Venom: Let There Be Carnage Review

When Venom: Let There Be Carnage was first announced, I was excited. Not because I enjoyed the first Venom film, but because Carnage was finally making his big screen debut.

Carnage has always been a special class of villain, one that was designed to terrify and cause chaos. So I was really intrigued to see how he’d be portrayed on screen. This was especially so with Woody Harrelson being cast to play Cletus Kassady, another incredibly terrifying and psychopathic villain, who played host for the symbiote, Carnage.


So did I enjoy the film? Put it simply, no. Why you ask? Well read on.

Venom: Let There Be Carnage had all the ingredients for a solid superhero / anti hero film. With top grade actors like Tom Hardy, Woody Harrelson, Naomi Harris and Michelle Williams, one would have expected the film to be of a certain calibre. Yet the film felt like it was on steroids, with multiple things happening way too quickly to truly enjoy the journey of Eddie Brock (Hardy) and his symbiote, Venom, finding himself taking on the juggernaut of monsters, Carnage.

The story and plot of the film built up a great deal of momentum. Setting the stage for what I hoped to be a spectacular showdown that was more than just fist fights. Unfortunately, just when the film reached it’s most crucial moment, it fell flat. This was mostly due in part to there needing to be some kind of ‘explanation’ for Kassady’s troubling behaviour, while Brock and Venom ‘broke up’.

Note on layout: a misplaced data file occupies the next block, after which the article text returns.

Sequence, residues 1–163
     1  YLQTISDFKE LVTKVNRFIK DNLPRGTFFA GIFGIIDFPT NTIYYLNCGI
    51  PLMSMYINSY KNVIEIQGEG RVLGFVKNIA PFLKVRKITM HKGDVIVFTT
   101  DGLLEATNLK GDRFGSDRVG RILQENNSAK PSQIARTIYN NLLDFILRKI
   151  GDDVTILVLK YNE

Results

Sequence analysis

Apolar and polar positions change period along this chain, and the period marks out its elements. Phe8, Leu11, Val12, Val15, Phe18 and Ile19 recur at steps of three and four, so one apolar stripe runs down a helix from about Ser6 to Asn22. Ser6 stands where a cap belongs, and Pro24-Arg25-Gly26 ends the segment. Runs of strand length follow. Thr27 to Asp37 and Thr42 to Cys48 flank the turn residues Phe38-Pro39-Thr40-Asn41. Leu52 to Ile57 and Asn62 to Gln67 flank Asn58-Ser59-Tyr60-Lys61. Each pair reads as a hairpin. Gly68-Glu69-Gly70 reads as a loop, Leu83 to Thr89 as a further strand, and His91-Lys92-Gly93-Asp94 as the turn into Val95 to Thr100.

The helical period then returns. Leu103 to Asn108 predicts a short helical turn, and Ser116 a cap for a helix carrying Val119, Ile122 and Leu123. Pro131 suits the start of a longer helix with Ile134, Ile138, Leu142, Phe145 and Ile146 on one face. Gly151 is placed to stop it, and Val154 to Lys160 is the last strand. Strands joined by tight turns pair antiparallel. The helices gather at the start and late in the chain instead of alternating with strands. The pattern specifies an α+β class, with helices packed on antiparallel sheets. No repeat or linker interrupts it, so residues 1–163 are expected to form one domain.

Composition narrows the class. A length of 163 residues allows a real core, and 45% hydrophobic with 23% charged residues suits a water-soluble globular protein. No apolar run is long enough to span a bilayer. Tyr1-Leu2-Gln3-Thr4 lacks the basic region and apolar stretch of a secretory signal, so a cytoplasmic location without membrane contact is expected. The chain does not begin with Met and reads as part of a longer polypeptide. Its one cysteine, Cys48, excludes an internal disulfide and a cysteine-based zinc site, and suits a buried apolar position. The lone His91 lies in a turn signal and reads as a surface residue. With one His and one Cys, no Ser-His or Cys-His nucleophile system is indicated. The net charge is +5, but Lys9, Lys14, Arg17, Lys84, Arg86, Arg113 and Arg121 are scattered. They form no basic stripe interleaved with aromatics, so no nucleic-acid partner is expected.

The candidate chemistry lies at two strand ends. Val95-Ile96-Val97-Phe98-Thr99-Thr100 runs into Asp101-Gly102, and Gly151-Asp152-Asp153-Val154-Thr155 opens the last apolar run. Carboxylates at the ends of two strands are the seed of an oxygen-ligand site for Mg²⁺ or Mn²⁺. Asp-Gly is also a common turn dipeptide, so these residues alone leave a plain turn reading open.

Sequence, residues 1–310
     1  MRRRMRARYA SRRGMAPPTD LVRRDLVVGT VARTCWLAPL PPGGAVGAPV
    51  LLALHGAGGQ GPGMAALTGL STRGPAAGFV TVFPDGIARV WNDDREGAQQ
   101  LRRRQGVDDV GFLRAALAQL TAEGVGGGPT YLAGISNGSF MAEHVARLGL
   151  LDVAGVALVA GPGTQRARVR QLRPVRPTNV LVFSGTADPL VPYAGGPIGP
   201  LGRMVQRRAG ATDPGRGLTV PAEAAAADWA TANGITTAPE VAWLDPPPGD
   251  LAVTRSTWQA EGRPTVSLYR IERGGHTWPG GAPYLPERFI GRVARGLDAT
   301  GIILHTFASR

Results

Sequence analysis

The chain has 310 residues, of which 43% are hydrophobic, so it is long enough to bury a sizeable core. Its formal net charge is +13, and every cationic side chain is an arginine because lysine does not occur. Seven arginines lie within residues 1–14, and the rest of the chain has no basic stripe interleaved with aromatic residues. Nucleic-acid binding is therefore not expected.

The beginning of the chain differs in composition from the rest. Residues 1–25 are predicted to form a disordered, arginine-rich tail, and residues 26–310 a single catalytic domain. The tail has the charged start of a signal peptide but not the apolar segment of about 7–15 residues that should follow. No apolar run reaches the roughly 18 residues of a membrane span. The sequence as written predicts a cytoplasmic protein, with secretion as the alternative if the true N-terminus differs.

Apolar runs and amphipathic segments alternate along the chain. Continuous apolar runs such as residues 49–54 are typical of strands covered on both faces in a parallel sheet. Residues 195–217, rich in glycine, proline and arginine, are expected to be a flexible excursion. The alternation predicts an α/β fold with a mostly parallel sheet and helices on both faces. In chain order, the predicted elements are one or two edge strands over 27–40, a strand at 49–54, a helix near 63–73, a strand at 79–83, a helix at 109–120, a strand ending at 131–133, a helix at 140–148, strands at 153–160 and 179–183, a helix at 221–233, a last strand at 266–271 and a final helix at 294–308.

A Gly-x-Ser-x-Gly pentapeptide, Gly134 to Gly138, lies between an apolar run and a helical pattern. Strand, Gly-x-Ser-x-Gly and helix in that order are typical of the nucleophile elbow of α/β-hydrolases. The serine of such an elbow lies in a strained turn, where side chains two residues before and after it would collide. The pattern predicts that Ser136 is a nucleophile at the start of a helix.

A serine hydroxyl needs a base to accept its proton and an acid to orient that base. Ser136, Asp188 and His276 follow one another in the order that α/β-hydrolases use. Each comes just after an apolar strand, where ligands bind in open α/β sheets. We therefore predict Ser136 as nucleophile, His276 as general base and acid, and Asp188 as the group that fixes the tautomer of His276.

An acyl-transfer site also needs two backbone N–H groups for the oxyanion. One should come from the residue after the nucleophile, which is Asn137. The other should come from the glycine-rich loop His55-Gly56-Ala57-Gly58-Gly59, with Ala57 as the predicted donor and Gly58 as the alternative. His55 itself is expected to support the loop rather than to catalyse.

While there were humourous moments between Brock and Venom, this grew rather tiresome when carried out throughout the entire film. The dynamic between the two resembled an old married couple. Instead of the anti-hero he was meant to be, Venom was portrayed to be more like a bitter housewife. Meanwhile Brock consistently felt like an agitated character, in desperate need for his next ‘fix’. Considering the way in which superhero characters are developed in other films, this one really didn’t do much for me.

Speaking of characters, Kassady was an immense let down, considering he was given a fantastic start. A psychopathic serial killer, the film did it’s best to water him down, so much so that he was humanised as a victim of abuse and a man deeply in love by the end of the film. This ‘explanation’ for why Kassady was the way he was felt like a cop-out. This was the same for Shriek (Naomi Harris), whose character in the comics had far more depth to her than just being in love with Kassady.

Of course, this all went out the door once Carnage came into play. Chaos was certainly apparent in the film but all for a brief moment. Considering the symbiote is one of the most terrifying villains in the Spiderverse, this version of Carnage felt like any other monster. Without giving too much away, I expected far more from the character.

Visually, the film didn’t really inspire either, apart from the CGI allowing Carnage and Venom to be their symbiotic selves.

Overall, Venom: Let There Be Carnage really didn’t feel like a 2021 film. Looking back, the film seems more suited for the early 2000s, being almost similar to Spider-Man 3 if I’m being honest. Yes, the Tobey Maguire version. Heck even that Venom felt a lot more ‘Venom’ than this one.

The lack of story, decent pacing, and character development, coupled with overdone jokes all but made the film lacklustre in my books. If you’re a fan of Venom and enjoyed the first film, you may enjoy this sequel. If not, I’d recommend just watching the end credits.

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